Before we get to grips on this issue, let's get some incontrovertible facts out of the way.

  • This is not the first genetically engineered seed to be sanctioned for commercial cultivation. So called Bt cotton was the first (in 2002) which at least superficially has been an unqualified success with 50% better yields and is also grown in US, China, South Africa and Australia. However, since nobody eats cotton, the issues in this regard are different from those of eggplant and have more to do with commercial, social and economic aspects. (For example, the ability of the farmer to harvest the seeds from his own crop for the next planting, rather than buying it again from the market). Consumption of genetically modified foods bring up totally different issues altogether, some of which I will discuss below.
  • India is by no means a trendsetter in this regard. The US has 62.5 million ha under cultivation, Argentina has 21 million ha, Brazil has 15 million ha. India is now fourth in this list with 7.6 million ha, mostly growing cotton, followed by Canada and China. The crops grown are also more diverse -- canola, maize, soyabean, sugar beet, tomato and of course cotton.
  • It is not just professional objectors like Shiva who are against transgenic crops. Even respected molecular biologist P. M. Bhargava has added his voice to this chorus.
As far as I understand, the main reasons for the worry are the following, some of them only relevant in the Indian context.
  • A general belief that fiddling with the genetic structure of any food must have adverse consequences. There is unfortunately no proof of this yet -- it appears more a matter of faith. There have never been any reports of adverse health effects from the consumption of GM foods and by now the numbers of such consumers are significantly large.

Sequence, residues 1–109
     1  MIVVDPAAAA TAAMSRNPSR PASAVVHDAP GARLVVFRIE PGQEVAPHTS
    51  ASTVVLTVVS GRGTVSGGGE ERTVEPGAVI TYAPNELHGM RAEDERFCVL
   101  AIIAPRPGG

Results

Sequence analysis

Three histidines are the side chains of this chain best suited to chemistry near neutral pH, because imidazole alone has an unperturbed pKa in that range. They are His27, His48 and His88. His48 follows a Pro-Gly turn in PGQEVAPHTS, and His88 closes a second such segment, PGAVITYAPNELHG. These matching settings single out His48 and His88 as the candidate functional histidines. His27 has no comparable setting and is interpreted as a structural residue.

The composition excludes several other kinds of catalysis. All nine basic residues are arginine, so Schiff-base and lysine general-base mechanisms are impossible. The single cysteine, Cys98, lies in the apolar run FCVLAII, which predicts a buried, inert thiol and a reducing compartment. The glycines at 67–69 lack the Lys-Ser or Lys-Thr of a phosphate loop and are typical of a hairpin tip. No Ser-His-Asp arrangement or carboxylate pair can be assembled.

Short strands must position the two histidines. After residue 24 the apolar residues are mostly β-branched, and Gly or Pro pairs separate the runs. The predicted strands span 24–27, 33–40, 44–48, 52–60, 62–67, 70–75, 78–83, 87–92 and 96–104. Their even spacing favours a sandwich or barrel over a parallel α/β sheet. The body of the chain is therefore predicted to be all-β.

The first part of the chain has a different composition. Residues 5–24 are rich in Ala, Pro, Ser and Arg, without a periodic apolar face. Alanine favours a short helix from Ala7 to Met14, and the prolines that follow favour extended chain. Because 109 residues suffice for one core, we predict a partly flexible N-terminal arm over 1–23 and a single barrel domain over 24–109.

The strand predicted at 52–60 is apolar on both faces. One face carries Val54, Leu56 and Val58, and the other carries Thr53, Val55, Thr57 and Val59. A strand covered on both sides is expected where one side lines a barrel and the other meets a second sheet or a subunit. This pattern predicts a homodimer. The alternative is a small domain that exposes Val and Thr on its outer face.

• The clearance by the GEAC was done hurriedly and based on data provided by the company which markets this product -- Mahyco (Maharashtra Hybrid Seed Company) -- a subsidiary of the (evil?) multinational Monsanto. There was no independent verification of the field trials and even though Indian Governmental organisations like ICAR (Indian Council of Agricultural Research) and IIVR (Indian Insitute of Vegetable Research) were involved, the tests were superficial, the results rushed out in a hurry, and there was no transparency in the trial methodology. People like P. M. Bhargava have been particularly troubled by these aspects.
  • The whole GM food control, and therefore eventually all of Indian agriculture is coming more and more under the control of multinationals like Monsanto. This is an economic issue though, not a scientific one and in this post I want to address mostly the scientific issues.
So what are these scientific issues? (I am by no means an expert on this issue and most of the information in this post comes from an excellent article by The Harvard zoologist and biologist Richard Lewontin in the New York Review of Books. However that requires a subscription to the magazine though I could send you a copy on an individual basis to avoid copyright problems.)

Human beings have been genetically modifying organisms since the domestication of plants and animals. The usual way we have been doing it for tens of thousands of years is to selectively breed those variants of a plant which have desirable qualities like better productivity or resistance to pests. These are also only done between closely related species. Moreover, this kind of "mixing" can be a bit of a hit or miss affair and while improving one aspect (say disease resistance) one might also selectively propagate a low yielding variety of the plant. Modern genetic engineering instead selectively removes the DNA corresponding to a particular gene and inserts it into a recipient's cell so that it becomes part of the recipient's genome. The 'source' DNA can belong to a distant species and in that case the resultant variety produced is called a transgenic organism.

One of the most famous cases of genetic engineering (to which nobody seems to have ever objected) is the introduction of the human insulin gene into the genome of bacteria which, subsequently, after being grown in industrial quantities produce industrial quantities of insulin that keep millions of diabetics in good health.